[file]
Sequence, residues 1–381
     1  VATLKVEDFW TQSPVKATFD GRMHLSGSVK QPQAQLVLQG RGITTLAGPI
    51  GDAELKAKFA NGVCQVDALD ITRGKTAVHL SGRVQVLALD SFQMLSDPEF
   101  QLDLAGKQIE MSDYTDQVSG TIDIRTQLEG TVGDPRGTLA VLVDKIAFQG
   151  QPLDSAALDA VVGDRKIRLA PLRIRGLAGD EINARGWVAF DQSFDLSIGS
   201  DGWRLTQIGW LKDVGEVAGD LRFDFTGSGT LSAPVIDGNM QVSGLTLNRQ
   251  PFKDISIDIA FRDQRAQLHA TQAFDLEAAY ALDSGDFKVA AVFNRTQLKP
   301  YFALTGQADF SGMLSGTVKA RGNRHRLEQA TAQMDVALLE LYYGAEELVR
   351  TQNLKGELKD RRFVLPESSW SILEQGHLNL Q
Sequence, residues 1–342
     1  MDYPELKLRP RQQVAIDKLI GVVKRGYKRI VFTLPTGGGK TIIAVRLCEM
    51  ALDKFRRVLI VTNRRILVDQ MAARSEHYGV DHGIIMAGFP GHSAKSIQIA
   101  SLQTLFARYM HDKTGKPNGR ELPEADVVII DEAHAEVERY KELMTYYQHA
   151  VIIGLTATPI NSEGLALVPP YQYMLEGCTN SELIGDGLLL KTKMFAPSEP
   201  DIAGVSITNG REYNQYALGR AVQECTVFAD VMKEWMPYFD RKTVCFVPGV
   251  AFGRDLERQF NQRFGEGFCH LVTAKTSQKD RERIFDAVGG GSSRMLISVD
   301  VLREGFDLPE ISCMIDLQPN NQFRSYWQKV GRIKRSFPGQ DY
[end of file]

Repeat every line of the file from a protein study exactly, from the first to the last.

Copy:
Sequence, residues 1–381
     1  VATLKVEDFW TQSPVKATFD GRMHLSGSVK QPQAQLVLQG RGITTLAGPI
    51  GDAELKAKFA NGVCQVDALD ITRGKTAVHL SGRVQVLALD SFQMLSDPEF
   101  QLDLAGKQIE MSDYTDQVSG TIDIRTQLEG TVGDPRGTLA VLVDKIAFQG
   151  QPLDSAALDA VVGDRKIRLA PLRIRGLAGD EINARGWVAF DQSFDLSIGS
   201  DGWRLTQIGW LKDVGEVAGD LRFDFTGSGT LSAPVIDGNM QVSGLTLNRQ
   251  PFKDISIDIA FRDQRAQLHA TQAFDLEAAY ALDSGDFKVA AVFNRTQLKP
   301  YFALTGQADF SGMLSGTVKA RGNRHRLEQA TAQMDVALLE LYYGAEELVR
   351  TQNLKGELKD RRFVLPESSW SILEQGHLNL Q
Sequence, residues 1–342
     1  MDYPELKLRP RQQVAIDKLI GVVKRGYKRI VFTLPTGGGK TIIAVRLCEM
    51  ALDKFRRVLI VTNRRILVDQ MAARSEHYGV DHGIIMAGFP GHSAKSIQIA
   101  SLQTLFARYM HDKTGKPNGR ELPEADVVII DEAHAEVERY KELMTYYQHA
   151  VIIGLTATPI NSEGLALVPP YQYMLEGCTN SELIGDGLLL KTKMFAPSEP
   201  DIAGVSITNG REYNQYALGR AVQECTVFAD VMKEWMPYFD RKTVCFVPGV
   251  AFGRDLERQF NQRFGEGFCH LVTAKTSQKD RERIFDAVGG GSSRMLISVD
   301  VLREGFDLPE ISCMIDLQPN NQFRSYWQKV GRIKRSFPGQ DY